A Yamaha trail bike that I owned years ago was an absolute bugger of a thing in the rain with its original knobby tyres which is why I fitted a set of street tyres during a period when I used it for commuting to work in Sydney traffic.
AnswerID: 349625

Follow Up By: Lex M (Brisbane) - Wednesday, Feb 18, 2009 at 13:16

Wednesday, Feb 18, 2009 at 13:16
What?
You use stock size tyres at recommended pressures!!!!!
Shock. Horror. That'l never work..... ;-)

cheers
Lex m
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FollowupID: 617903

Reply By: Wherehegon - Wednesday, Feb 18, 2009 at 13:16

Wednesday, Feb 18, 2009 at 13:16
Had BF's A/T's on the back of my lux 2.8 diesel so wasnt powerful thats for sure but the back end would step out of line very easily. I currently have them on the prado as well, while they arnt as bad (I think due to extra weight plus AWD I think they are not that good with wet road grip. Never had any other issues either on or off road BUT definately not the best in the wet.......... WHG
AnswerID: 349643

Reply By: Mikee5 (Logan QLD) - Wednesday, Feb 18, 2009 at 13:49

Wednesday, Feb 18, 2009 at 13:49
I read that you have a ton of weight in the tray and it is a dual cab. I think that the tray on a dual cab is behind the rear wheels. All that weight behind the rear axle may be having a leverage effect and may be making the front too light, this may be the cause of the understeer. Just a thought.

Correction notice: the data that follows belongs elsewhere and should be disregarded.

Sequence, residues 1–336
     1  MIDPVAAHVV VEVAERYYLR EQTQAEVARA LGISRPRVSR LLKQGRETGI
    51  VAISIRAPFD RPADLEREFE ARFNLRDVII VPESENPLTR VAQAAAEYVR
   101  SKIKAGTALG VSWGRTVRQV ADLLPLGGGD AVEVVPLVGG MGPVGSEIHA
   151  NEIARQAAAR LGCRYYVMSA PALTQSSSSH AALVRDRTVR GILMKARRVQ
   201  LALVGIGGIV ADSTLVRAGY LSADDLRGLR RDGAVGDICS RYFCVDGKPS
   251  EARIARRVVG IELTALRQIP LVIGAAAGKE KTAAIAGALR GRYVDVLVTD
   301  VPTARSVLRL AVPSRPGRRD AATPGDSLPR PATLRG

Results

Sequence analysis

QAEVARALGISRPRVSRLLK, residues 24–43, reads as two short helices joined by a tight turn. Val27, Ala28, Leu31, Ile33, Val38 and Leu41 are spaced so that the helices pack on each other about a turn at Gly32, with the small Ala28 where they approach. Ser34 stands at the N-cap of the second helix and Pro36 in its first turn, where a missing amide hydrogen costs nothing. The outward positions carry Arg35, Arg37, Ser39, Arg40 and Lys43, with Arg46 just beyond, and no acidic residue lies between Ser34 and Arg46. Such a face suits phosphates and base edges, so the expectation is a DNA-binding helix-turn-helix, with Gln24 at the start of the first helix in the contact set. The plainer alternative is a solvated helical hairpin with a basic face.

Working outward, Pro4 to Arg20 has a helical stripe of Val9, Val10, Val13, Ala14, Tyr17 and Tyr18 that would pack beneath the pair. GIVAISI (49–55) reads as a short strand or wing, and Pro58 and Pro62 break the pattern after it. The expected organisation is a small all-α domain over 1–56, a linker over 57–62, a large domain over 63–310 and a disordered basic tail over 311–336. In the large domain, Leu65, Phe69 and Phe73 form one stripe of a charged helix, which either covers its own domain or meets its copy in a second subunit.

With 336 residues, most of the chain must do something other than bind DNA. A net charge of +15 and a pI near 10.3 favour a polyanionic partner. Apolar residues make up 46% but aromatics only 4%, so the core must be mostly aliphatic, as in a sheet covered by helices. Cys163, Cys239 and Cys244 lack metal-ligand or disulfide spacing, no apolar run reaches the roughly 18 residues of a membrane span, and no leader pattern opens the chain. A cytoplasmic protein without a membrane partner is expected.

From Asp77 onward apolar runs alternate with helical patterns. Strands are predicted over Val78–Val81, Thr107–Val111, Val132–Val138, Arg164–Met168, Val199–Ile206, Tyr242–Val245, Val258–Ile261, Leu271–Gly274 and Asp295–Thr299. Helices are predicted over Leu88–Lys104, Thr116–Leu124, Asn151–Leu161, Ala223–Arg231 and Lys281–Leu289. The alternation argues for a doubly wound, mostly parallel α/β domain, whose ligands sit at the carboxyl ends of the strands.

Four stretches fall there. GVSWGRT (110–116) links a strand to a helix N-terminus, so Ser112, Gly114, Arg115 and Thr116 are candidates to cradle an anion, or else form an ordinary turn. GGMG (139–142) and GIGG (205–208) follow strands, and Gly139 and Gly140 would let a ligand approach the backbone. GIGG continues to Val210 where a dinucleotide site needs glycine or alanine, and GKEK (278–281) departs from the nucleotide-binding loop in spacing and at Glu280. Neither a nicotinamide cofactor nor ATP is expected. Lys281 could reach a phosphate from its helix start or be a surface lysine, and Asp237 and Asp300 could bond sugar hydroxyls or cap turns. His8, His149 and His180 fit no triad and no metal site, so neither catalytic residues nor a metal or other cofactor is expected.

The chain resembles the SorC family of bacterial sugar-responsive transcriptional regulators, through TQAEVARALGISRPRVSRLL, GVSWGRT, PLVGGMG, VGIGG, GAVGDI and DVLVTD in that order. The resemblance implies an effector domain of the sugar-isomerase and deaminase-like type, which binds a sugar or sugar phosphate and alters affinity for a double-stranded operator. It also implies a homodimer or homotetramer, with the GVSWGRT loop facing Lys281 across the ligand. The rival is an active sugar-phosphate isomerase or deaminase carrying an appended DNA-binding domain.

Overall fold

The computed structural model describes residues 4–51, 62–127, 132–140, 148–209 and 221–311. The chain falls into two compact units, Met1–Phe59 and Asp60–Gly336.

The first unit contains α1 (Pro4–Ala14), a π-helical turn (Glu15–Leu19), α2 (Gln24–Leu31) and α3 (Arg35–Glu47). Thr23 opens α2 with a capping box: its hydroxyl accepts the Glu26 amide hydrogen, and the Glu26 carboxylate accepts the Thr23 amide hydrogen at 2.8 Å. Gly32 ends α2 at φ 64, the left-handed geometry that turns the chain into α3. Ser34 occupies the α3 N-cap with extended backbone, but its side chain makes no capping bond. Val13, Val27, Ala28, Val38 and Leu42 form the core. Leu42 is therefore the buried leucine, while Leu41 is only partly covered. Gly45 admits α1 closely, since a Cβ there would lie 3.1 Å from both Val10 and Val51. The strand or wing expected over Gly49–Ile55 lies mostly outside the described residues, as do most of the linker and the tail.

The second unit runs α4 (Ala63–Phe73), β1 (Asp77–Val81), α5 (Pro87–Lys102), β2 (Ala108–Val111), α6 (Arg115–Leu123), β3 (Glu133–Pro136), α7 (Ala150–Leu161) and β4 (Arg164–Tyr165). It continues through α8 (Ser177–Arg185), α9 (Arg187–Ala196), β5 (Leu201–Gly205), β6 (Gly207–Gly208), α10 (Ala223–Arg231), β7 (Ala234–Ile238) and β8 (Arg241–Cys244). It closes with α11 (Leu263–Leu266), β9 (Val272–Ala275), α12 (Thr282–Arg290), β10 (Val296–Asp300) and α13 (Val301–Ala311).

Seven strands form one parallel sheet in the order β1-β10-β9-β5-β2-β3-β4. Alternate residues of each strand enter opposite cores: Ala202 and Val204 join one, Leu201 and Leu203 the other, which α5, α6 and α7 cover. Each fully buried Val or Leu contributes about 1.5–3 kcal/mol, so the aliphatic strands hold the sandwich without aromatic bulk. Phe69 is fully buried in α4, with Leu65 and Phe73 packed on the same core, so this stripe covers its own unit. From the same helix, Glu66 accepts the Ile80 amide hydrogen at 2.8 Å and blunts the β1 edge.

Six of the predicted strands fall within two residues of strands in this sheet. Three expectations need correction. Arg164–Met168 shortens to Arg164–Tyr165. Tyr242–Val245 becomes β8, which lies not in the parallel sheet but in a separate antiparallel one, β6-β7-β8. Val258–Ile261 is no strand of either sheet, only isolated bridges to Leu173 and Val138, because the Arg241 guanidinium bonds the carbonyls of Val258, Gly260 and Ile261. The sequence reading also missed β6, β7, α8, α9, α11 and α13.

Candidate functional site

AnswerID: 349646

Reply By: shaneo86 - Wednesday, Feb 18, 2009 at 14:46

Wednesday, Feb 18, 2009 at 14:46
sweep,

go pirelli all the way i used to have CRAP bridgestone duellers even in the dry they would slip day like today in brisbane raining oily iv been driving from work and back and even giving it some to se if it will slide and very little
AnswerID: 349651

Reply By: Rolly - Wednesday, Feb 18, 2009 at 14:54

Wednesday, Feb 18, 2009 at 14:54
This might seem a bit funny(odd) to some of you, but I understood that it was always a requirement to adjust tyre pressures to the load on the tyre and the tyre to the nature of the use of the vehicle.
It beats me as to why some individuals will spend a swag of cash on fancy add-ons and yet baulk at the cost of an extra set of rims and tyres.
And why are folks in so much of a hurry that they can't be bothered to adjust the pressures when the load is changed.
Make's you look a bit of a pedantic dill? Not half as stupid as when you wrap the wagon around something solid or wipe out another car or a mob of pedestrians.
Utes are, by their very nature, less forgiving than the average sedan and need a bit more attention to the fundamentals of intelligent driving.
The single car accidents on country roads bear witness to that - a very high percentage of them are utes; out of all proportion to the Kms travelled in respect to other vehicle types.

AnswerID: 349654